Home Uncategorized Classical Corner – Edition 4

Classical Corner – Edition 4

by Master Tyler J. Rowe
Classical Corner – Guopu on Skyscrapers
“Will it be eight pieces of pie, or nine squares of river turtle?”
Hello and welcome to the Classical Corner. In this issue I am hoping to clear up one of the old conundrums of the理气派 Lǐqì pài ‘Patterns of qi [Compass] school’ of Fengshui – on the menu is a hearty meal of building portions. Should we use the eight sectors or nine squares to divide a structure for analysis? For the answer, as always, we turn to the classics.
By the Chinese literary definition, to be a true classic a text needs to have been written during or before the 汉 Hàn dynasty (206 B.C.E. – 220 C.E.). Just having the word 经 jīng ‘classic, cannon or scripture’ on the end of a title doesn’t necessarily make it so (though it must have been as good for marketing as attributing to a legendary mythical figure, both common practices in Chinese scholarly history). There are few remaining Fengshui manuals that meet the criteria. The 葬书 Zàngshū ‘Burial Book’mentioned in last issue’s column could be considered a likely commentary of an earlier lost classic, the 书经 Zàngjīng ‘Burial Classic’, as it preserves many of its lines and elaborates upon them – but itself is not truly a classic. One text that can hold this title though, is the 青囊经 Qīngnángjīng ‘Blue-green Satchel Classic’.


Qingnangjing Lower Scroll, lines 86-87

The exact date the Qingnangjing ‘Blue-Green Satchel Classic’ was written is unknown, but it is usually considered to be during the former Han dynasty. The title actually means ‘Classic of the Universe’ – 青囊 Qīngnáng ‘Blue-green Satchel or Bag’ being an old Daoist vernacular for the heavens1. Authorship is commonly attributed to 黄石公Huángshí Gōng ‘Master Yellow-stone’, a famous diviner, strategist and alchemist2.  Some of the contents of the three scrollsappear to have been taken from other classic texts, it contains passages also found in the Zangjing and 易经 Yìjīng ‘Classic of Changes’. Majority of its verses pertain to 方位Fāngwèi ‘Directions & positions’ and early 三元Sān yuán‘Three cycles’ theory.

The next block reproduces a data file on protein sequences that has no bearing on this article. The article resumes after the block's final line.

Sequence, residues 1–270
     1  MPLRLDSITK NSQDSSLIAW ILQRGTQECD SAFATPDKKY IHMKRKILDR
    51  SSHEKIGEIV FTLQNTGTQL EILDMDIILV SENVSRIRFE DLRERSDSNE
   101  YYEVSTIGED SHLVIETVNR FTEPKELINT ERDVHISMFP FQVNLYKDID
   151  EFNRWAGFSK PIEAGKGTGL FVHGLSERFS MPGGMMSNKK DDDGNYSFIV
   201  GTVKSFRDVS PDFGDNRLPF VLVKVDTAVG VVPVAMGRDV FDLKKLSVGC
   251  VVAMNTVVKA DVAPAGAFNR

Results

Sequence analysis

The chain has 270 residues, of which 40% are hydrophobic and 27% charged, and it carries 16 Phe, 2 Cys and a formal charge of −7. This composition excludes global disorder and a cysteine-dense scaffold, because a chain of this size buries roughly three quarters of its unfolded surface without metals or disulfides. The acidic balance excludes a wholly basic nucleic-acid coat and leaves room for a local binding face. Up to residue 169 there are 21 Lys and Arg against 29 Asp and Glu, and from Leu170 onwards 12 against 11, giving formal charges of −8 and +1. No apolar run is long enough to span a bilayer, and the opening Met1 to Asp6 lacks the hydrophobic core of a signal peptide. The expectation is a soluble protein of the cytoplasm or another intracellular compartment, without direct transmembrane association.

Our lines today come from the (3rd) lower scroll, and are amongst its most well known and regularly quoted –

Line 86) The character 势 Shì has many applications in Chinese. It has been used to describe military formations, martial arts postures, finger patterns on stringed instruments and even sexual positions. All have a common meaning of ‘force’ – inherent potential energy stored in a physical configuration, like a coiled spring. In Fengshui it is part of the name for the older 形势派 Xíngshì Pài ‘Form and Force School’ method, and usually describes the ‘geodetic 3 forces’ found hidden in the terrain of an auspicious 穴 xué ‘site’.
Line 87) The characters 八方 bāfāng are independently interpreted as ‘eight’ and ‘directions’ but together they commonly refer to the eight points of the compass (4 cardinal and 4 inter-cardinal) or ‘all directions’.
The square and its four sides relate to earth in Chinese cosmology. These also correspond with the seasons, the four cardinal directions and their celestial animals – 青龙 Qīnglóng ‘Blue-Green Dragon’ of the east, 白虎 Báihǔ‘White Tiger’ of the west, 玄武 Xuánwǔ ‘Dark Warrior [Black Tortoise] of the north and 朱雀 Zhūquè ‘Vermillion Sparrow [Red Bird]’ of the south. In this instance I have translated 势 Shì as ‘Configurational-force’. The implication is of the energies present in the land formations of the aforementioned quartet of guardian beasts.
The eight points of the compass / eight directions are of course the 八卦 Bāguà ‘Eight trigrams’ 4. The passage informs us that they enter the site from the outside. This is significant for two reasons. Firstly the energies that as Fengshui practitioners we analyse within a building, are not radiating outward from the centre as some would believe, but instead converge from exterior to interior. The 太极Tàijí [Taichi] 5 ‘Supreme polarity’ at the midpoint is the result, not the source.  As the name suggests – 极jí originally meant the ‘ridgepole’ at the axis of a home, the highest central beam where all the timbers ends met, and not the foundation or beginning of any building structure. At is useful to remember then that the Taiji is a finishing point, not the source.